If you missed the previous Pauper Cube updates this year, here are the last four in all their glory:
- Gatecrash Pauper Cube Update
- Dragon's Maze Pauper Cube Update
- Modern Masters Pauper Cube Update
- Magic 2014 Pauper Cube Update
This makes five Cube updates this year. That's a lot of updates for me, and I haven't always been timely.
@the_stybs Neat. I’m excited. It’s been a while since I’ve had a chance to cube. Wanna do this update and take it for a spin.— James Turner (@James_LRR) September 28, 2013
I like to space my updates out with set releases. Every set brings new cards to consider, and making other adjustments around archetypes or balance should use the most information possible. Running in a holding pattern for a set release works because my Cube isn't drafted multiple times each week. However, that doesn't mean it isn't a good time when it does come out to play.
@the_stybs direct quote from the draft: "I can't pick a card. Literally every card in this pack is awesome. This format is insane."— Mat Adelmund (@madelmund) October 7, 2013
The evolution of Eric Klug's Zombie Cube is a direct result of the heavy use it saw in our local play group as he worked out its kinks. My update schedule suits the rate at which I receive relevant feedback. I also prioritize receiving feedback from the best players possible, which is one of the many benefits of travelling to Grands Prix and Pro Tours.
. . . Or, perhaps, if you're travelling to a wedding.
@the_stybs Is actually a wedding gift for friends getting married in March, but will be sure to try it out for QA before I give it to them.— Chris Chauvet (@cchauvet) September 27, 2013
You can even make the Cube travel to you.
The focus of this update was to help reinforce existing archetypes, update weaker-performing cards to newer options, or smooth out awkward mana. A summary table is available at the end of the article and in the Change Log of the Pauper Cube GoogleDoc.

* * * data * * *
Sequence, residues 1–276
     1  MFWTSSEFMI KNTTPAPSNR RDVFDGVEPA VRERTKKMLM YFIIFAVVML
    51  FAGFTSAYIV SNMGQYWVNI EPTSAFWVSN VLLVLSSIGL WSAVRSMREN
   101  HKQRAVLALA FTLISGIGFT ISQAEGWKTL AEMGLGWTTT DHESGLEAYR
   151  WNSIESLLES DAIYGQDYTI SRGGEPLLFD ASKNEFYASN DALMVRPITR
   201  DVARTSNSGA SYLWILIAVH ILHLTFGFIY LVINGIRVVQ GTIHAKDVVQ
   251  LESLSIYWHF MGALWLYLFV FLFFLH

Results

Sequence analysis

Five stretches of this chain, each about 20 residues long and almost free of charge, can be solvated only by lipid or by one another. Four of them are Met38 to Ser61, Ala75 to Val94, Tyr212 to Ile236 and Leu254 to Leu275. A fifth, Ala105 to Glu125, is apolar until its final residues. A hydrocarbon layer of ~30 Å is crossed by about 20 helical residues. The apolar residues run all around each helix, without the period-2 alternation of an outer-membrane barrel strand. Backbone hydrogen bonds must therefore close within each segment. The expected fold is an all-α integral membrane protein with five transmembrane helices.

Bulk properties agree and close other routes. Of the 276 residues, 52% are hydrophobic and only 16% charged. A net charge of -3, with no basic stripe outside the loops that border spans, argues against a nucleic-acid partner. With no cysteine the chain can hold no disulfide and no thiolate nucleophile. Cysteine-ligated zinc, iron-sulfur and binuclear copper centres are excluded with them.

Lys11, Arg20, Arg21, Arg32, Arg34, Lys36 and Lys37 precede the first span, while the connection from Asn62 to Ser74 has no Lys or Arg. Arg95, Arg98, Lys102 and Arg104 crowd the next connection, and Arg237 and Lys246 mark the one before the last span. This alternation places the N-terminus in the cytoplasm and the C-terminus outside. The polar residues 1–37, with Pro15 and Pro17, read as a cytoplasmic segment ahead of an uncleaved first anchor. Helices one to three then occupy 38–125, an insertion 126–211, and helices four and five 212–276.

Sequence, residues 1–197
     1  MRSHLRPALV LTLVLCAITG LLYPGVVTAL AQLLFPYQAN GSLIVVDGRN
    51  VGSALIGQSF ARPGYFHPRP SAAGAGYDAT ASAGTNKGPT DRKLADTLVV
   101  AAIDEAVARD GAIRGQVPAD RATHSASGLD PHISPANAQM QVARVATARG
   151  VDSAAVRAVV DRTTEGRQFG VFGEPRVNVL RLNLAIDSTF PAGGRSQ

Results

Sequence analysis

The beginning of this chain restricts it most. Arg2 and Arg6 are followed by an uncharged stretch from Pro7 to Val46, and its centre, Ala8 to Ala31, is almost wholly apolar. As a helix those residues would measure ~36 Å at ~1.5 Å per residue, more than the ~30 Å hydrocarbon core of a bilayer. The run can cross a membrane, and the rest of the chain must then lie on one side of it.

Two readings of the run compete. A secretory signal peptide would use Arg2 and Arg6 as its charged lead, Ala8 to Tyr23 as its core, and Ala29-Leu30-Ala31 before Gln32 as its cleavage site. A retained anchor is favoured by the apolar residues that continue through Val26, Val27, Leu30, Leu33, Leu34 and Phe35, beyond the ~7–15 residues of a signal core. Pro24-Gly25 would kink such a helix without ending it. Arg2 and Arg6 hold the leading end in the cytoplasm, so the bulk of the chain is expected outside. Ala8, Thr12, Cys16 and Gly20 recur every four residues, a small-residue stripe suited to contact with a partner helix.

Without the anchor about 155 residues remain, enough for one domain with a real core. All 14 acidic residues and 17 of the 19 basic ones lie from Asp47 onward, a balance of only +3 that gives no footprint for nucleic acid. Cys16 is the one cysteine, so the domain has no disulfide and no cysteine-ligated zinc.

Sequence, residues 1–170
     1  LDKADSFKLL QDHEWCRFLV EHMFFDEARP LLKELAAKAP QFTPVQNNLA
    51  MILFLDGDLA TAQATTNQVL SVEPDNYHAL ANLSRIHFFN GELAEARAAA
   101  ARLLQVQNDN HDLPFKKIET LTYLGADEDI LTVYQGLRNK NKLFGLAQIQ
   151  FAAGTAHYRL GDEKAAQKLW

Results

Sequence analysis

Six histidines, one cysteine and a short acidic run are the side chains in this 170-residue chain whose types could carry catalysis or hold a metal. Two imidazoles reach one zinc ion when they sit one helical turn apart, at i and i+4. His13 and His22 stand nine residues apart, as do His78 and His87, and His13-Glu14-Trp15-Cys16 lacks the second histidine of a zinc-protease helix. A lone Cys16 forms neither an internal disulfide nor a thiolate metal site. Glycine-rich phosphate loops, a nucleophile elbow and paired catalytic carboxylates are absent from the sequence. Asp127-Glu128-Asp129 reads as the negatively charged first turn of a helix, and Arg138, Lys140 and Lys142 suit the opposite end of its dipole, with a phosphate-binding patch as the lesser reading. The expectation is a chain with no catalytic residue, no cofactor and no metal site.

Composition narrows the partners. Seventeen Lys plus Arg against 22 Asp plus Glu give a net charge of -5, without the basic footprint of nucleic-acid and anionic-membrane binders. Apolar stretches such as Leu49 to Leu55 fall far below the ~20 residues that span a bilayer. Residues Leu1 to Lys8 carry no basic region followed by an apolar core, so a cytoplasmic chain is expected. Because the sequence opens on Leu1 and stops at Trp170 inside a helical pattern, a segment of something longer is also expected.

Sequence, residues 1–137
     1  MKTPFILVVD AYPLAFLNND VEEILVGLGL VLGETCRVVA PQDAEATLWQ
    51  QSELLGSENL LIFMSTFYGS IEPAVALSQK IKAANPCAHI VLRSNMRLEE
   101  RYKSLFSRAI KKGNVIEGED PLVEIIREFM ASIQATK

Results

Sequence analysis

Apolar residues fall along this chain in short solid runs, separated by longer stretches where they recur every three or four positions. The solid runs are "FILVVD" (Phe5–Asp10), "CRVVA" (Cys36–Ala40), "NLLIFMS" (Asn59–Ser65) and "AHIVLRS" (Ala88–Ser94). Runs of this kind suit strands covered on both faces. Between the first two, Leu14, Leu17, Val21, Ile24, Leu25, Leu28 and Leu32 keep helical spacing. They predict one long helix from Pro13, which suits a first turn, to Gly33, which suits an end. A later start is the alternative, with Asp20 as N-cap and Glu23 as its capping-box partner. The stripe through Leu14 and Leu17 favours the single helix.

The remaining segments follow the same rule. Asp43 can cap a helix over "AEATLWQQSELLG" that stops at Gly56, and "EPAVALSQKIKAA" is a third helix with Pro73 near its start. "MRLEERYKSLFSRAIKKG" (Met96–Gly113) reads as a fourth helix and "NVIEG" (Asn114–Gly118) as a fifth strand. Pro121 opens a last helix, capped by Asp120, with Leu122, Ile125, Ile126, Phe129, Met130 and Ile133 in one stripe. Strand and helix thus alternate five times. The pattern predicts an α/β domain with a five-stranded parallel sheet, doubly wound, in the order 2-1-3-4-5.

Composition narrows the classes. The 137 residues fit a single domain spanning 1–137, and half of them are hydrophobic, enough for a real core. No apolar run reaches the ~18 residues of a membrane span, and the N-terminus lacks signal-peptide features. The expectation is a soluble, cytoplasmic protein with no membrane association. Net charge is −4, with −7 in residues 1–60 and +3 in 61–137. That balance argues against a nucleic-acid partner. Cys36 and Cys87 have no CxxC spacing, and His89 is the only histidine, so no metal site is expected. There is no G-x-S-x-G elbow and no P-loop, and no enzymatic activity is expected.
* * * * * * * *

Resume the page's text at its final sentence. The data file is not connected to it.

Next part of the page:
At first blush, Leonin Snarecaster is an obvious way to support an aggressive deck. It's a Solider, so it turns on tribal synergy and cards such as War Falcon, and it also has 2 power for 2 mana and is easy to cast. Seems like an easy add, right?
Do you remember Goblin Shortcutter? Essentially, these two cards are the same. The slight tempo edge of clearing out a potential blocker for one turn wasn't enough for the hyper-aggressive red decks, and white is a full step slower.
- Rescue a creature from combat—or win it outright
- Counter a combat spell or triggered ability
- Provide pseudo-unblockability for an aggressive deck
This version of protection-granting attaches scry to the bargain. Deal!
One of the archetypes that I've been calling into question is G/W Hexproof. I’ll admit there aren't a plethora of creatures to make hexproof redundant, but heroic triggers are a novel way to encourage targeting your own creatures with a beneficial spell.
Ethereal Armor isn't from Theros, but it did make this update. Since white is full of enchantment removal and there are plenty of "pant" in the Cube thanks to G/W Hexproof, Ethereal Armor should be a solid play in most white decks.